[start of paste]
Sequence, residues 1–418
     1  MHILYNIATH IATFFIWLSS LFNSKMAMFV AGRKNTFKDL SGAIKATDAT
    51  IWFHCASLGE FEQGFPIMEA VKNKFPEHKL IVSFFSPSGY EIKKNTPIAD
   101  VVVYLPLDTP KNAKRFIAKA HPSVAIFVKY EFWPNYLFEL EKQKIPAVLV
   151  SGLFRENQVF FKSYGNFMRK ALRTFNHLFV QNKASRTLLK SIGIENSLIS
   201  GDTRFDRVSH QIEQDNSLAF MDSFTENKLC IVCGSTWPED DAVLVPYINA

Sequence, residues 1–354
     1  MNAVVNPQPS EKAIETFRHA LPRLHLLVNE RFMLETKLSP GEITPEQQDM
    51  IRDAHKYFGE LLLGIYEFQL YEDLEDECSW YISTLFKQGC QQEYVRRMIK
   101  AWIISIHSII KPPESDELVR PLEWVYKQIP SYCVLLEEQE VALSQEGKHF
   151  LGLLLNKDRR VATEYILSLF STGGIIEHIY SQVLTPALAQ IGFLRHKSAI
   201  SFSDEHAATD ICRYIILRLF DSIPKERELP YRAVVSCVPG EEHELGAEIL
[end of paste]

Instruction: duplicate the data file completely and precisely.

Sequence, residues 1–418
     1  MHILYNIATH IATFFIWLSS LFNSKMAMFV AGRKNTFKDL SGAIKATDAT
    51  IWFHCASLGE FEQGFPIMEA VKNKFPEHKL IVSFFSPSGY EIKKNTPIAD
   101  VVVYLPLDTP KNAKRFIAKA HPSVAIFVKY EFWPNYLFEL EKQKIPAVLV
   151  SGLFRENQVF FKSYGNFMRK ALRTFNHLFV QNKASRTLLK SIGIENSLIS
   201  GDTRFDRVSH QIEQDNSLAF MDSFTENKLC IVCGSTWPED DAVLVPYINA

Sequence, residues 1–354
     1  MNAVVNPQPS EKAIETFRHA LPRLHLLVNE RFMLETKLSP GEITPEQQDM
    51  IRDAHKYFGE LLLGIYEFQL YEDLEDECSW YISTLFKQGC QQEYVRRMIK
   101  AWIISIHSII KPPESDELVR PLEWVYKQIP SYCVLLEEQE VALSQEGKHF
   151  LGLLLNKDRR VATEYILSLF STGGIIEHIY SQVLTPALAQ IGFLRHKSAI
   201  SFSDEHAATD ICRYIILRLF DSIPKERELP YRAVVSCVPG EEHELGAEIL